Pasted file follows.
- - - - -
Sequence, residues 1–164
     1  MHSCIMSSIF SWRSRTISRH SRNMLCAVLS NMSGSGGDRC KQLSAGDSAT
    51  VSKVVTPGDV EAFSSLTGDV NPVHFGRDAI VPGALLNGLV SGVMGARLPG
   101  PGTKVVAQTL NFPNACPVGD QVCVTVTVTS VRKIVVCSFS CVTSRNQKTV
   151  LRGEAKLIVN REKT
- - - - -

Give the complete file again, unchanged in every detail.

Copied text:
Sequence, residues 1–164
     1  MHSCIMSSIF SWRSRTISRH SRNMLCAVLS NMSGSGGDRC KQLSAGDSAT
    51  VSKVVTPGDV EAFSSLTGDV NPVHFGRDAI VPGALLNGLV SGVMGARLPG
   101  PGTKVVAQTL NFPNACPVGD QVCVTVTVTS VRKIVVCSFS CVTSRNQKTV
   151  LRGEAKLIVN REKT